Copa-Cogeca urges negotiators to remove red tape and technical barriers to trade in EU/US free trade talks

At a meeting in Washington today, Copa-Cogeca warned of the logistical problems for exporting produce to the US like costly labeling and shipping rules, stressing that these barriers to trade must be overcome to ensure a successful outcome to the free trade talks between the EU and US.

Speaking at the stakeholder event, Copa-Cogeca Commodities and Trade Director Arnaud Petit stressed “We believe that the agriculture negotiations in the free trade talks between the EU and US are not too tough to handle. The fact that 40% of agricultural raw materials processed by the EU food industry come from non-EU countries shows that the EU is already open to global trade. Around 70% of EU agricultural exports are also processed products like cheese, wine, processed meat at the high value end of the market. The biggest obstacle to trade therefore comes from unnecessary red tape and barriers to trade, costly rules and obligations, like labelling and packaging requirements. For example, EU dairy producers face huge obstacles when trying to market Grade A milk products in the US. In the fruit and vegetable sector, phytosanitary barriers prevent European fruit from entering the US market. This must be addressed. It is crucial to ensure that non-tariff trade barriers are tackled. We believe that most of the gains from a trade deal – three quarters in fact – come from lifting non-tariff trade barriers. We therefore urge negotiations to ensure these are lifted”.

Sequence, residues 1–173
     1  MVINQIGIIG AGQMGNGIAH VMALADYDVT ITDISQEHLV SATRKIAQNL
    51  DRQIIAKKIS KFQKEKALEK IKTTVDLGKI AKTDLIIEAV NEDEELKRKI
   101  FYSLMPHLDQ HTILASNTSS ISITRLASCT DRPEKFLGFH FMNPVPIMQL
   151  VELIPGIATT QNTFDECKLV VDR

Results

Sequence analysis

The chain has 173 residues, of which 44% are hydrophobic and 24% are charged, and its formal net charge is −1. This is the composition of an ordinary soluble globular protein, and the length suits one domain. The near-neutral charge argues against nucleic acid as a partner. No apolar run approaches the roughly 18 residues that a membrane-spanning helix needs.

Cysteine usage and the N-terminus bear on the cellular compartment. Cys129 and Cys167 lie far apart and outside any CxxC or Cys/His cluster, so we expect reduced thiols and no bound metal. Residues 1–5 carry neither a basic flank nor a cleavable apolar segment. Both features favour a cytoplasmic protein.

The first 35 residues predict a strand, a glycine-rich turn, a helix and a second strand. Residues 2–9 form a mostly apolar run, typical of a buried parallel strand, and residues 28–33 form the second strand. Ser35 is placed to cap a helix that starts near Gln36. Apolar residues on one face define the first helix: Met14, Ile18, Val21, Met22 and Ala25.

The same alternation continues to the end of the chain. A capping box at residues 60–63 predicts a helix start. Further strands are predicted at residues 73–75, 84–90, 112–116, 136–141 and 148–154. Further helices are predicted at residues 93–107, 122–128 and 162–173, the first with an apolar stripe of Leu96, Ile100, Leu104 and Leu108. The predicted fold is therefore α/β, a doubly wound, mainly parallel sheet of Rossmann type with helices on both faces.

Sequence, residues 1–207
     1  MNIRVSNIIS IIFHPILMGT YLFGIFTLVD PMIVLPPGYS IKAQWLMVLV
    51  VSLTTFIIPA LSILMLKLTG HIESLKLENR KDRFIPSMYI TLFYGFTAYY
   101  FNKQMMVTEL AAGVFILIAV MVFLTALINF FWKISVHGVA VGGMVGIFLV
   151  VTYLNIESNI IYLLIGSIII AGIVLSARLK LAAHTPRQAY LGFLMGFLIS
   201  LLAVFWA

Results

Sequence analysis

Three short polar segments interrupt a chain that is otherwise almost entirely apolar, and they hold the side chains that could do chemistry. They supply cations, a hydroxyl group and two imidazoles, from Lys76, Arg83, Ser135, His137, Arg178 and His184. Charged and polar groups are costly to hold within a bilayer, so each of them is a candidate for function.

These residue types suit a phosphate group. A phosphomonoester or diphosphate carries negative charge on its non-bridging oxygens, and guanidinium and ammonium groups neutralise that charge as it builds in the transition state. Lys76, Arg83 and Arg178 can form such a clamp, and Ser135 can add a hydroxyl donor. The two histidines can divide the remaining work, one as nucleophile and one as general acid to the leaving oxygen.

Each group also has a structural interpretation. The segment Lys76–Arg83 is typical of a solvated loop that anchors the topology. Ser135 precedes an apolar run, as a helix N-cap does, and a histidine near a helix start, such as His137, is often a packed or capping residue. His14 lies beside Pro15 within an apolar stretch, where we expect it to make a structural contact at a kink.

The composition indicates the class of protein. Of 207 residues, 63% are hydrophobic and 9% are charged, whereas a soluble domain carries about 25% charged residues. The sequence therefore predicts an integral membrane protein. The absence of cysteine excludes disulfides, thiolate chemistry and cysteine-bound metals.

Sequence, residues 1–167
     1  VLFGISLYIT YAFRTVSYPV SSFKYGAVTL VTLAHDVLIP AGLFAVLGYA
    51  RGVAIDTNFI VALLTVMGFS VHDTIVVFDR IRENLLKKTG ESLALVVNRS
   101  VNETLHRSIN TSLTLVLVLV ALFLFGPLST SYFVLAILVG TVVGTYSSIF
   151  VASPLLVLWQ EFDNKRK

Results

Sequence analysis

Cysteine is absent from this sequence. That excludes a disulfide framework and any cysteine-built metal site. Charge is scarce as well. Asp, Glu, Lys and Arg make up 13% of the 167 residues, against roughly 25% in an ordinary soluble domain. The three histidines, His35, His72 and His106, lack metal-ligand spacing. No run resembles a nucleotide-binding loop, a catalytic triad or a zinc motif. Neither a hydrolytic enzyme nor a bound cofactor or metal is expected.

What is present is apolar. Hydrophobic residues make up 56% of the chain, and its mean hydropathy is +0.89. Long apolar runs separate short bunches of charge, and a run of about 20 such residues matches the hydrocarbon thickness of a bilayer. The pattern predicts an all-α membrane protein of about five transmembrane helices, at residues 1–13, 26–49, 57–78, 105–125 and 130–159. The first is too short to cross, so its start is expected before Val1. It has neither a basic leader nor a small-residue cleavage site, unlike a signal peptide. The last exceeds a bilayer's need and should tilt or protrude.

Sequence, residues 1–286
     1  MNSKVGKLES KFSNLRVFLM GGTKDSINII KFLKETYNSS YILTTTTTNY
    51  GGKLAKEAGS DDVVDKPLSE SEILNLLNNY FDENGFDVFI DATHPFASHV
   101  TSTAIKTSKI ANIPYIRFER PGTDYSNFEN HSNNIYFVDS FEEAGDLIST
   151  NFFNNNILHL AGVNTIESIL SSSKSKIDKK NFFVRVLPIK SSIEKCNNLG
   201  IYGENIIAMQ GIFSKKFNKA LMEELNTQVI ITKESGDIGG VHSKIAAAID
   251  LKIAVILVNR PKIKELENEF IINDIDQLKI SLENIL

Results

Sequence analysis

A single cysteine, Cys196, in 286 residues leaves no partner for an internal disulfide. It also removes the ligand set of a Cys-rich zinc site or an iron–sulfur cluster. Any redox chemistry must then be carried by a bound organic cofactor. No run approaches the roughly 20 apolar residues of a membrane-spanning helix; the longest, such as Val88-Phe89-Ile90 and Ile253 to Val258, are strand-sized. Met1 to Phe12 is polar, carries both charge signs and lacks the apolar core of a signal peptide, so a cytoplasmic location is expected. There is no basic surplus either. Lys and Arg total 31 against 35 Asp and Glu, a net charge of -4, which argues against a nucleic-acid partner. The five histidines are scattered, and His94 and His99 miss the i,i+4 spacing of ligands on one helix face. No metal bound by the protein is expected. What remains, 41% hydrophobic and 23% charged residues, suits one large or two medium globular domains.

Together with the European food industry, we have put together a report on non-tariff barriers, which should be addressed as part of the SPS negotiations. The main purpose of this exercise was to pinpoint areas with a significant impact on businesses and jobs. In the future, we cannot accept that the food industry should outsource processing facilities to North America area in order to lessen the burden of safety controls, as is the case today for the European dairy or foie gras sectors.

In addition, the negotiations between the EU and US should be looked at as more than simply channelling agri-food trade from one side of the Atlantic to the other. The result should also promote international standards. The principle of regionalisation should be included in the EU-US veterinary agreement as an example of an international standard that benefits all farmers. If we are not able to promote international standards in the agri-food sector together, we will lose an opportunity to establish favourable conditions to tackle global competition over the next 20 years.

Finally, following the political decision last March, we urge the US authorities to allow the export of European beef to the US market as soon as possible. The EU system of geographical indications (GIs) which protects European quality produce from imitations must also be acknowledged.

The move comes during the fifth round of negotiations on a Transatlantic Trade and Investment Partnership (TTIP) agreement between the EU and US. Negotiations continued this week on technical barriers to trade, agricultural market access, and rules of origin.

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